One of the most significant events during this trip to me was the Tree Planting event that took place in SMSMJA. It was important to me as the Brazilian Longan tree was planted with the effort between students of both schools, be it the knowledge or physical labour in planting one and it also signified the cooperation of both our schools In the school twinning event.

      At the end of the trip, I was extremely sad as over the few days, we had bonded with our buddies in Brunei and would be leaving soon. However, this experience has left a good impact on me. It opened and exposed my eyes to culture, tradition and environment so different from Singapore and Edgefield. This experience will remain unforgettable in my heart and also proves that friendship can go beyond borders.

      Bee XiuFen, 2 Einstein, 2018

    • Modern Dance

      NStudent Leadership

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    • If I were to describe my experience as an Advocate, I would say; it's like a fantasy. My "adventure" first started when I was recognised by my Humanities teacher, who gave me the chance to be an Advocate. Majority of what we do in Advocates are student initiated, most commonly student advocacy events for raising awareness. We were also given the opportunity to conduct our very own "Ted Talk" on the ‘hidden and invisible’, where we talked about groups in society who are less noticed and helped raise awareness on the difficulties these groups face and how we could help them. Being in Advocates help me grow as a person in more ways than one. With values like empathy and compassion cultivated in me, I have really improved as a person and as a leader. The skills I have picked up from planning and hosting events are really useful in helping my studies because now, I can make a more efficient study plan. The time I have spent in Advocates was a really good investment, not only because of what I have gained, but also because I find the events we do really meaningful and am looking forward to what the future may hold for us Advocates. A small group of passionate, bubbly leaders who have bigger hearts than their bodies.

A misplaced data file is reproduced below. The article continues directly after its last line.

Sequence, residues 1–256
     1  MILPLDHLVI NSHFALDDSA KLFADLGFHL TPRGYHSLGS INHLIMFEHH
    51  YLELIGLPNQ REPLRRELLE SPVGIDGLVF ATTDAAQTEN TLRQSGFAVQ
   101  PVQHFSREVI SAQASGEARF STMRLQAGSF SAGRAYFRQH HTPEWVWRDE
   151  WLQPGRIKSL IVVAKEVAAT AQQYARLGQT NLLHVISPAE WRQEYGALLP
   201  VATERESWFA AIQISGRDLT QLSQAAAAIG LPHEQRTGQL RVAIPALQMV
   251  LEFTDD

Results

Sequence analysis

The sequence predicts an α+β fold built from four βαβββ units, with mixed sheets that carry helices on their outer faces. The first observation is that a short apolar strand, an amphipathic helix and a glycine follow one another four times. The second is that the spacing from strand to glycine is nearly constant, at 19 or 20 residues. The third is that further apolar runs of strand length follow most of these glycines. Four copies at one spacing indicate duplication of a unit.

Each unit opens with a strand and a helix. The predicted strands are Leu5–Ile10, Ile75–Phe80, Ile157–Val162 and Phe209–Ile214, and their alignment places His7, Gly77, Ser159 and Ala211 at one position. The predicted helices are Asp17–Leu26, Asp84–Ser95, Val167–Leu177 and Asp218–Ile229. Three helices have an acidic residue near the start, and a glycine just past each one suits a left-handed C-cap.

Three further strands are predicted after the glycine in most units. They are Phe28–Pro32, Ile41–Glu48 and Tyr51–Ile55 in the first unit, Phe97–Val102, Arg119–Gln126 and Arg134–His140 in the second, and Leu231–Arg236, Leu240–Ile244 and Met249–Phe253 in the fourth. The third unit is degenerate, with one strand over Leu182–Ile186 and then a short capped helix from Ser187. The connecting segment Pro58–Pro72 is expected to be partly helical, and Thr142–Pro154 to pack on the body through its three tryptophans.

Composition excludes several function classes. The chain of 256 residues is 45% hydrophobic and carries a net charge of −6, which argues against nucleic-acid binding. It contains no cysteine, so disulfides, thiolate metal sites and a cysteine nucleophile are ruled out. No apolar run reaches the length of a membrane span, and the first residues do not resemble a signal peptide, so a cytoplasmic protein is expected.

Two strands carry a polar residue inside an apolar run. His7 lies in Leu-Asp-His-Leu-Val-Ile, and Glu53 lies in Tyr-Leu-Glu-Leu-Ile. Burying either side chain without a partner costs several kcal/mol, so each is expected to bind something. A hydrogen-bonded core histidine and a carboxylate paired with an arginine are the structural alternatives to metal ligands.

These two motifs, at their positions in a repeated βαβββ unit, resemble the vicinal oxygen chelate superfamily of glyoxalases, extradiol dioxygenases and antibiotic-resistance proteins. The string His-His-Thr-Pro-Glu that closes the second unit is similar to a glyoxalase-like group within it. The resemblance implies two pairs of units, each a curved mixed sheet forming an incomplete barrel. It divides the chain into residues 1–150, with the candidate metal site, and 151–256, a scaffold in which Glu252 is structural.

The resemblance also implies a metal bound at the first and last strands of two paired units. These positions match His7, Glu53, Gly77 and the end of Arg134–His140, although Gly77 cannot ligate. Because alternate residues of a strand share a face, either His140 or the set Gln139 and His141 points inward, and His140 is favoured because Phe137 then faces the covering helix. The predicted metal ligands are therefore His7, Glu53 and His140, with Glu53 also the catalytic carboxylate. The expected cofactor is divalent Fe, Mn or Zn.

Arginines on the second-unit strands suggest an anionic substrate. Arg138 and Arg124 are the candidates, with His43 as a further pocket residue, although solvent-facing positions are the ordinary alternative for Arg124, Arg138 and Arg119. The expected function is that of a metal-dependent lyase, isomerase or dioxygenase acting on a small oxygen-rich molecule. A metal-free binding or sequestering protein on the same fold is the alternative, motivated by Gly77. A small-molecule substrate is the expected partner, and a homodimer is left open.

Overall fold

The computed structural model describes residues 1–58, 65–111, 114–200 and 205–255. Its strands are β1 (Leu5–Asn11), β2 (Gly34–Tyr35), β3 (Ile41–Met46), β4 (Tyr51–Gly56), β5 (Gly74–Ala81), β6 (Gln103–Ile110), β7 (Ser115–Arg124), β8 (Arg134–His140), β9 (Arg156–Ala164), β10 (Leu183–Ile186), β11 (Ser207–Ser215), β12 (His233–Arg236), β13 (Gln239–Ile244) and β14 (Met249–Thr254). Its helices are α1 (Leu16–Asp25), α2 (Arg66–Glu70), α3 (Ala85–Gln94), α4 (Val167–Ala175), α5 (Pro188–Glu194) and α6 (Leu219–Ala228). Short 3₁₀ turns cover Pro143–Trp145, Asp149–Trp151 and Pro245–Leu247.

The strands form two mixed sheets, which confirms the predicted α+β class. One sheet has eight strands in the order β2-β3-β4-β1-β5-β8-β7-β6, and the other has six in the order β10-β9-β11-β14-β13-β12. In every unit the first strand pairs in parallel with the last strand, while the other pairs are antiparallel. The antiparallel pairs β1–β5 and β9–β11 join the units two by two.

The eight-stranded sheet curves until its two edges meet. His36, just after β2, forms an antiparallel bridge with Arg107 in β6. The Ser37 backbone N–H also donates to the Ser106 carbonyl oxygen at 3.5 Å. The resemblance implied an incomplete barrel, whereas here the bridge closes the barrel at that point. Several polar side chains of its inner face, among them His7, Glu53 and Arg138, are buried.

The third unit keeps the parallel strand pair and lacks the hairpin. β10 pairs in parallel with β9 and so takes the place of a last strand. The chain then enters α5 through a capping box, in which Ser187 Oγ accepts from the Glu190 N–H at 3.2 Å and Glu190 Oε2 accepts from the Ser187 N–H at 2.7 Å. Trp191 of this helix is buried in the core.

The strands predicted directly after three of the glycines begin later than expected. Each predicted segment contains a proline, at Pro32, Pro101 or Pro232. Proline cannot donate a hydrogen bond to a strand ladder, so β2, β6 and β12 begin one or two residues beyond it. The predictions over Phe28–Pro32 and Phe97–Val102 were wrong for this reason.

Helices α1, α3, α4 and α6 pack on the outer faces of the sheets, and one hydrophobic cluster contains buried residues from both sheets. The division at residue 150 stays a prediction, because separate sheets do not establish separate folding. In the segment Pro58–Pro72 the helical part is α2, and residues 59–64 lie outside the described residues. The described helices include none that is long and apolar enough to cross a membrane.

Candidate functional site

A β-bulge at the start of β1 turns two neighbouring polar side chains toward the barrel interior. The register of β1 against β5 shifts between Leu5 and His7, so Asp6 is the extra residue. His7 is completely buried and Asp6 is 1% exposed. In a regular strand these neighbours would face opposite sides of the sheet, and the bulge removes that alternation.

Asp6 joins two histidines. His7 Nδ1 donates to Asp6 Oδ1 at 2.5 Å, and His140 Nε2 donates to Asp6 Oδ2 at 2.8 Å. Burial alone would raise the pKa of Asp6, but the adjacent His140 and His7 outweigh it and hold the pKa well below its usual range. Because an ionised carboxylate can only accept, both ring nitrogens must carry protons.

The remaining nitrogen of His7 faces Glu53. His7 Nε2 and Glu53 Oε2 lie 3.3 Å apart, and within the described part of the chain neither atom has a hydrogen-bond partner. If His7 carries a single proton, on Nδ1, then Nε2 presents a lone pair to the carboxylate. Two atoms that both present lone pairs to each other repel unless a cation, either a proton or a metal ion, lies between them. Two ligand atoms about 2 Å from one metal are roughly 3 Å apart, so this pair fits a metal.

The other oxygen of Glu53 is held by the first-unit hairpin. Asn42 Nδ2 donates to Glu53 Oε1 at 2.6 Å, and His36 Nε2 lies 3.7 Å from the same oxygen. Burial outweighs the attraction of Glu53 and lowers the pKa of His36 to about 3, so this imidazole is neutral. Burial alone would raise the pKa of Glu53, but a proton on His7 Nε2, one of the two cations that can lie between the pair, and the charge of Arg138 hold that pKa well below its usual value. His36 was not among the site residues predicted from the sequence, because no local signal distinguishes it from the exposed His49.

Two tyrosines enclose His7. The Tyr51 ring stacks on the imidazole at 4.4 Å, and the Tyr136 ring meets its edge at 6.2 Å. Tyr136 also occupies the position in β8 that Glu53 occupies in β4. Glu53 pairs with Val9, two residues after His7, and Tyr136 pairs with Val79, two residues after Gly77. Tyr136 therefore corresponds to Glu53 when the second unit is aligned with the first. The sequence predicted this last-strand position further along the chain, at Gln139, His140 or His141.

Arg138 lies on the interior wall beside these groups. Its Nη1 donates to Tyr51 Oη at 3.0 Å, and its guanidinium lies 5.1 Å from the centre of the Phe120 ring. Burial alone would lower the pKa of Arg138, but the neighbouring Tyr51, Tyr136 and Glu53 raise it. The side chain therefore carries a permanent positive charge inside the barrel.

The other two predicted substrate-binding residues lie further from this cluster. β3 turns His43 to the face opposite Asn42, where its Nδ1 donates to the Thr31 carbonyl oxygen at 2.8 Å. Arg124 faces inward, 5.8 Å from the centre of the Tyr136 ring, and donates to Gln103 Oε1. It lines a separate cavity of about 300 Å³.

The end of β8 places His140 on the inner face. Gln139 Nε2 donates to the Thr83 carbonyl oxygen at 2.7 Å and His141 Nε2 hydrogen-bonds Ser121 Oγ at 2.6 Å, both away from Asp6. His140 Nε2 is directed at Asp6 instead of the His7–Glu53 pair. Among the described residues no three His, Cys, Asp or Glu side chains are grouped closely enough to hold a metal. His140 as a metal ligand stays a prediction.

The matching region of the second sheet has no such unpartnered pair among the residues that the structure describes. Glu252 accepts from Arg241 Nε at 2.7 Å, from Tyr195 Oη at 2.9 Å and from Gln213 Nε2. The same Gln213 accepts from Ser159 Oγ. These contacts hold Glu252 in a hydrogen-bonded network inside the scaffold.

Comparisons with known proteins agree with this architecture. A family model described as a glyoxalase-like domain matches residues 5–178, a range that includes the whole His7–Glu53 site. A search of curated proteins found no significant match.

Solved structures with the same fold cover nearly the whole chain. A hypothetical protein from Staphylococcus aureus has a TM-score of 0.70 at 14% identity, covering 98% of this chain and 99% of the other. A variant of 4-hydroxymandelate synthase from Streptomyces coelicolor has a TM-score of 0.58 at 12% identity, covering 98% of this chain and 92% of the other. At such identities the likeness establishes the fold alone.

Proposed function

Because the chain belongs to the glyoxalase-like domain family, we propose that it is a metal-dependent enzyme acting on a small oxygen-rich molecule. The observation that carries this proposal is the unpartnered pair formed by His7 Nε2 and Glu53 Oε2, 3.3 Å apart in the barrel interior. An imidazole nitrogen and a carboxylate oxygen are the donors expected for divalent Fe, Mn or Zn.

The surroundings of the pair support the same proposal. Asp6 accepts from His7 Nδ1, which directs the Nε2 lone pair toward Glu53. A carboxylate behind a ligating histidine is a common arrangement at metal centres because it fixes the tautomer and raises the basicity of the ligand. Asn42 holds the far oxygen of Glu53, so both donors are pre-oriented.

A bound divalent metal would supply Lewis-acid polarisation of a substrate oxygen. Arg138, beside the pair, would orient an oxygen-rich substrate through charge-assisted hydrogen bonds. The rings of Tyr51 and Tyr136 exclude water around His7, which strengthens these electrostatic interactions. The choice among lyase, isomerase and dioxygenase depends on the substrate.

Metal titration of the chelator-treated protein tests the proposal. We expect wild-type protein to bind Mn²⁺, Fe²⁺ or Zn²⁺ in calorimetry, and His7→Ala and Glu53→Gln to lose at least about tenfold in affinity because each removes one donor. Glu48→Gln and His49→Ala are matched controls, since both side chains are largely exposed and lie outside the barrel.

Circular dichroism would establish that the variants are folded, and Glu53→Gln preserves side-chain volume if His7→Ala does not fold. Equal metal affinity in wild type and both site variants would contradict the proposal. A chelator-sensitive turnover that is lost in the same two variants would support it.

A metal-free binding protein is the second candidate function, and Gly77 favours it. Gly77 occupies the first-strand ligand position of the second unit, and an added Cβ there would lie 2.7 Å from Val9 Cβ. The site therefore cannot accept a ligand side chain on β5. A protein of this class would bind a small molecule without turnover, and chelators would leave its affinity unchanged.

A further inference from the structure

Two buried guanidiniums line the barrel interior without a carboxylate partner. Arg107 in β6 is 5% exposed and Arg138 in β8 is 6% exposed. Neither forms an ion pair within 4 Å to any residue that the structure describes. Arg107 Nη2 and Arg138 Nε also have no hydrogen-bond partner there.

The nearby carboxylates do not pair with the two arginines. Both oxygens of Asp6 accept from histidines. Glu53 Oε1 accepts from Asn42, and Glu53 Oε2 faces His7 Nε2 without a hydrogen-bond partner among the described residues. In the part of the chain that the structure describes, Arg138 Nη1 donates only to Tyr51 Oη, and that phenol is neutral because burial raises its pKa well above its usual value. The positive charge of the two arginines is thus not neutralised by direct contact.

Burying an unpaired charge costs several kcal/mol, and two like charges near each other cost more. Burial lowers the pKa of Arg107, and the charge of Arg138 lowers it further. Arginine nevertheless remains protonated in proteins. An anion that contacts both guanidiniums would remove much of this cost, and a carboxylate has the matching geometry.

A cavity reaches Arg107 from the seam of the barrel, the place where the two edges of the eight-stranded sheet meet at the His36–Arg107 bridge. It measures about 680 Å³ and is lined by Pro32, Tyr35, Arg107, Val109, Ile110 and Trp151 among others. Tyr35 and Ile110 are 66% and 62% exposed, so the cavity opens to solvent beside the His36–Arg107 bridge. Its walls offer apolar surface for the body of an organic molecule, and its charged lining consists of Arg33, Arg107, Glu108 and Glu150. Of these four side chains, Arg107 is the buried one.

• Jves Tan, 3EC, Senior Prefect 2018


      Being a leader is not about being perfect. Here in Edgefield, we believe in nurturing “Collaborative Innovators, Compassionate Leaders”. I have been in the Prefectorial Board for three years now. Having said that, serving the school as a leader is not easy. In Prefectorial Board, we believe in “first to  servel, then to lead.” During the last June Holidays, the Executive Committee of the Prefectorial Board came together to organise a 2D1N Leadership Camp for the Secondary One Role Model nominees. Being the Camp Commandant was an eye opening experience for me. It felt like a roller coaster ride during the preparations. We had to come back to school over the holidays just to structure and firm up the entire camp programme flow. Besides that, with the help of my Assistant Camp Commandants, we were able to split up the work and get work done faster. Not forgetting the other Prefects, who never failed to lend a  helping hand whenever they saw that we needed help. Thankfully, the Leadership Camp went well and everyone enjoyed themselves! I was glad that even the prefects had a great time because we rarely have bonding sessions together. I was very proud and thankful for the effort and sacrifices that they have put in just to make our very first student initiated Leadership Camp a successful one.